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Remember when the High Top Fade was in and hair styling products used to be just gel, mousse and hairspray? Times have changed for the better…at least when it comes to hairstyles. Now, regardless of whether or not you want to pay homage to Vanilla Ice, there are a plethora of hair products ranging from the ol’ faithful gel to things like pastes, clay to pomade. But if you’re still using the same gel that you used back in high school, you may not be using the best hair product for your hair type or hair style. So if you want to optimize how those precious locks look, you need to choose your hair product wisely. In this post, we’ll break down the overwhelming number of hair products out there so that you can minimize time spent “researching” and maximize the number of “damn my hair looks good today!” days.


Why You Should Care about Your Hair Style

The ensemble of a modern gentleman isn’t complete until he’s turned that mop on his head into something stylish and suave. And besides completing your dapper look, there is another reason – yes, you guessed it…the opposite sex cares. According to a recent survey of young women in their early 20s, 3 out 4 said that a man’s hairstyle can be a strong indicator of dating potential upon first impression. Okay, we know you might not care if a college chick thinks you have dating potential (or you may care a lot if you’re into college chicks), but nevertheless, you want to make sure you’re sending the right signals.

Take for example the two hairstyles below. What assumptions automatically come to mind about these two fellows based on their hair alone? ‘Nuf said.

Know Your Hair Type

Hold on just a second there Chief. Don’t leave this page just yet and start Googling “David Beckam’s hair” or “Best Men’s Hair Styling Products” to stock up on the latest designer waxes in order to raise your dating points. To choose the best styling product for you, it’s important to figure out something often overlooked: your hair type.

Do you know your hair type?

Choosing your hair products without knowing your hair type is a bit like buying shoes without knowing your foot size. You may get lucky and get close to a decent fit or you may end up looking like Homey the Clown. And we all have that one friend or co-worker whose appearance always seems to bring to mind a single thought, “dude REALLLYY needs a haircut”. Don’t be that dude. What’s worse, choosing the wrong product for your hair can even be damaging to your hair. For example, using an ultra-strong hold product on very fine, thin hair will not only weigh down the hair but may also damage it. While the above graphic isn’t all-encompassing and you might have some sort of combination of the hair types, it’s a good place to start. Have an idea of what’s growing out of your scalp? Good, let’s move on.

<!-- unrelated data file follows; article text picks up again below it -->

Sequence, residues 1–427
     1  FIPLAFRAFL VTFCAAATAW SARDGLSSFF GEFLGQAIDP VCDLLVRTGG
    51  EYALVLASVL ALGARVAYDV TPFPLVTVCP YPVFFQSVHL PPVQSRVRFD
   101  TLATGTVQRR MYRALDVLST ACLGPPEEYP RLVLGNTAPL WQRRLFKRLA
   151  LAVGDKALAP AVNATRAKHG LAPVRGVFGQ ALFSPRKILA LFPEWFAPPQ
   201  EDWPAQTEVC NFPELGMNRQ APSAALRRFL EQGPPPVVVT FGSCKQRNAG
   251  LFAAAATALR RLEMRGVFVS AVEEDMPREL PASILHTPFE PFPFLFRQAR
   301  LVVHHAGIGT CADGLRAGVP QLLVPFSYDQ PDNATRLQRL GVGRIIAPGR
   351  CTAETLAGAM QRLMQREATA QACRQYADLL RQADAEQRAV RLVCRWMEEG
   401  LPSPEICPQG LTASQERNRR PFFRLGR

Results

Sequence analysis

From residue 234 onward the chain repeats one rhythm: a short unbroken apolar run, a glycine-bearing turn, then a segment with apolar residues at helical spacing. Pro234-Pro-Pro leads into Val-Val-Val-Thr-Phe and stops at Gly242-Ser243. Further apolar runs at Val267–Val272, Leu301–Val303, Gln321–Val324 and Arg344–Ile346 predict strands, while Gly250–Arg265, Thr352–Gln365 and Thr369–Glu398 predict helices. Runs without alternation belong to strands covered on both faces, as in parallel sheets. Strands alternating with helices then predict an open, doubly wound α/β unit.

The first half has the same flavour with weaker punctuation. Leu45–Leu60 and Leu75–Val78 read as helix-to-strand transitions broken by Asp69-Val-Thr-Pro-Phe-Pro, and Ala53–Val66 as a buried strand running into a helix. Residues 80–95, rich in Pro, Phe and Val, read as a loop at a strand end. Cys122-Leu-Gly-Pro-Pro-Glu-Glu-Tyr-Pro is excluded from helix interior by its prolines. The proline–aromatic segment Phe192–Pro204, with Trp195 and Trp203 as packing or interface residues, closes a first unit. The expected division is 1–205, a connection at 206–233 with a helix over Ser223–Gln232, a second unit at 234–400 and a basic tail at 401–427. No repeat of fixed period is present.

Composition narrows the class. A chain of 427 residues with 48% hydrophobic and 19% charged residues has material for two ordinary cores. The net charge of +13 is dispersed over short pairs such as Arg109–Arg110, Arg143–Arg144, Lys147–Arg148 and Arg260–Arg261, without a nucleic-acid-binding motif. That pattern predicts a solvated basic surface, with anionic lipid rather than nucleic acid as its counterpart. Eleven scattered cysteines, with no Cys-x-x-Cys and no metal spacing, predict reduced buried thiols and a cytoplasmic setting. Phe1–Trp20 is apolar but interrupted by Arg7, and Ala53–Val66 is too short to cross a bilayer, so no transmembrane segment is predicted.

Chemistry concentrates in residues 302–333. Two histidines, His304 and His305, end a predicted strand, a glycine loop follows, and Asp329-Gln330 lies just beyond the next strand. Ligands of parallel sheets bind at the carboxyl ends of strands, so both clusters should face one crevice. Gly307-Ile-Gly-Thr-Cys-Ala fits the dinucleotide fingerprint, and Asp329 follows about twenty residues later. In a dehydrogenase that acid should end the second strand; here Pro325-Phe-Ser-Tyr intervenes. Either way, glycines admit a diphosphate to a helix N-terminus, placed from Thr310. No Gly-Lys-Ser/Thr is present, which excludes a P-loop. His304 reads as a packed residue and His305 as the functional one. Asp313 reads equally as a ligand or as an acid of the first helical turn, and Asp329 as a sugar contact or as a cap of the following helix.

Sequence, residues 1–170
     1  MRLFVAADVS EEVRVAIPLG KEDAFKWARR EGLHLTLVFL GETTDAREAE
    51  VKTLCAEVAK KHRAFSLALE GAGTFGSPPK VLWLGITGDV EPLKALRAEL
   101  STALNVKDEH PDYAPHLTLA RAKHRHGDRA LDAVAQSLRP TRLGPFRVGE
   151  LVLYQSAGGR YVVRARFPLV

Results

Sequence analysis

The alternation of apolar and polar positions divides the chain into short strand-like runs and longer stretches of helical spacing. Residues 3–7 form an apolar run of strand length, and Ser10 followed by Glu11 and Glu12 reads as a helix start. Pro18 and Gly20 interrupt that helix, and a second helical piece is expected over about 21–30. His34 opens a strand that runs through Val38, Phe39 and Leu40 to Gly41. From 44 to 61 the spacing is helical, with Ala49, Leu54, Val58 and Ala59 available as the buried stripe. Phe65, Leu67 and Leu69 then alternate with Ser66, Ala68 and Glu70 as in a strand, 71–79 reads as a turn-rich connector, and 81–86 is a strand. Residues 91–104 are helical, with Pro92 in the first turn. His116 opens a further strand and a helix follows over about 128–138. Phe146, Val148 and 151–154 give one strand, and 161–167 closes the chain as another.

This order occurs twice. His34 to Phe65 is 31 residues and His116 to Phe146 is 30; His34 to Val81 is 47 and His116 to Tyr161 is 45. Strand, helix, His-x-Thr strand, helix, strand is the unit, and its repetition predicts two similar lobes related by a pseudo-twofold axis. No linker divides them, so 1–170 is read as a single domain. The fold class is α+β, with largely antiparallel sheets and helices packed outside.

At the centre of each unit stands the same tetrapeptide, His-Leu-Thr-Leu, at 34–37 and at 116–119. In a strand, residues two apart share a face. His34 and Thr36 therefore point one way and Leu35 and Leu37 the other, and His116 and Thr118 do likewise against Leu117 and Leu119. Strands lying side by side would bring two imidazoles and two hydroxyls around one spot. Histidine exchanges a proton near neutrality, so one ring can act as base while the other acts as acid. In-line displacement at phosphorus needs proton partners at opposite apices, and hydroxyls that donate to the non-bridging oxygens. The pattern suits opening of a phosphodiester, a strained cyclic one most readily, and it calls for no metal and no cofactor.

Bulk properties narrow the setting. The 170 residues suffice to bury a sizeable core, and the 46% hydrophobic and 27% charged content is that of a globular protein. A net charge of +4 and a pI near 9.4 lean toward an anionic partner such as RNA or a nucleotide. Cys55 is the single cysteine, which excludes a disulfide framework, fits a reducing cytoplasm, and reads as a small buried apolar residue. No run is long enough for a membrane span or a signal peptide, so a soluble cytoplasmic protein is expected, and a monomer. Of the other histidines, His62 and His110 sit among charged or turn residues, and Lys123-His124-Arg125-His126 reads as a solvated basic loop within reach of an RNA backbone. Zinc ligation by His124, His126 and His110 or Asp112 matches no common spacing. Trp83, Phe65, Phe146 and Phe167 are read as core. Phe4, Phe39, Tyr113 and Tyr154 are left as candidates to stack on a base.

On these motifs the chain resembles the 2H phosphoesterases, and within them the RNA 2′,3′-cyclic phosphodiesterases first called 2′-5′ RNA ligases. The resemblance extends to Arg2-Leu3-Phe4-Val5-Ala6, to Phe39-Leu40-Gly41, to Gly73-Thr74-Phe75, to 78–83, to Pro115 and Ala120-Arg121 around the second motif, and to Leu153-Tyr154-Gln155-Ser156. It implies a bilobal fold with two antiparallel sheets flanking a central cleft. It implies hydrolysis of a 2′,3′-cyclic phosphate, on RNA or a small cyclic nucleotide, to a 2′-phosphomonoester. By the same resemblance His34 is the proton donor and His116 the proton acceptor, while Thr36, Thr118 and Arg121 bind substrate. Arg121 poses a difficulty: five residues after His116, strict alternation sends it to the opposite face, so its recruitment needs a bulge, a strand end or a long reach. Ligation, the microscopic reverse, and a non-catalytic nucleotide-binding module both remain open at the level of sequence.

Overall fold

Hair Styling Products

Once you dive deep into the rabbit hole of hair styling products, you’ll realize that the sheer number of products and interchangeable terms will make it seem like the hair industry is playing one big marketing ploy on us. Sometimes a company will use terms such as “pomade” rather liberally – it can be more like a gel product at times and a wax in others. The key to pinning down the nature of the styling product is knowing what key words to look for in the descriptions. So, we’ve done the work for you and laid out some basic hair styling terminology you should know:


Gel has enjoyed some success in the last few decades as a go-to staple (along with hair spray). In fact, it’s featured so much on the Jersey Shore, it should get its own set of credits next to The Situation and Pauly D. Though, we don’t want to stigmatize this super goo because it has both functionality and versatility, ranging from lighter to maximum hold. The gel is the modern day version of hair grease, providing that slicker, wet look with stronger holds.

Use Tip: Use on damp or dry hair. Spread evenly on fingers and top of palm and run your fingers through your hair to style. Avoid touching your hair after drying as it may break the hold and/or cause flaking.

Good for these Hair Styles:

Good for these Hair Types:  Thicker hair and short-to-medium hair lengths.

Product Recommendations: Label.M Gel, Sebastian Professional Gel ForteVitaMan Gel



No, it’s not pomegranate flavored Kool-Aid (though we wish that flavor was available when we were young ‘uns). And if you thought it was, listen up because it doesn’t get more granddaddy than pomade. So what is it? Pomade is a greasy or waxy substance used to style hair with a wet, shiny and slick look.

Let’s take a 20 and learn some history (we’re geeks like that): the name “pomade” is derived from the French word pommade, meaning “ointment” and the Latin word for apple, pomum, because the original recipe was made with mashed apples. In the early 19th century, bear fat became the common pomade ingredient, while petroleum jelly, beeswax and even lard were later used in the early 20th century. Legendary classics such as Murray’s Superior Hair Dressing Pomade were staples in Don Draper’s era. Recently, it’s been making a comeback but under different guises—brands may label waxes or even creams, a pomade. True pomade is a blend of wax and oil (while true hair waxes will be just wax or almost all wax). Pomade can range from a light shine to a high shine, but its biggest advantage is that it’ll create a more natural, wet look. So why pomade over gel? Pomade can achieve that same strong, wet and neat look without drying out or flaking like gel.

Use Tip: Rub a little bit on your palm and style on damp or close-to-dry hair.

Good for these Hair Styles:

Good for these Hair Types: Thinner hair and wavy-to-extremely curly hair. Good for all hair lengths. If you have oily hair, avoid pomade as it will make your hair greasier.

Product Recommendations: Baxter Slick Pomade, American Crew PomadeMenscience Hair Styling Pomade, Imperial Barber Classic Pomade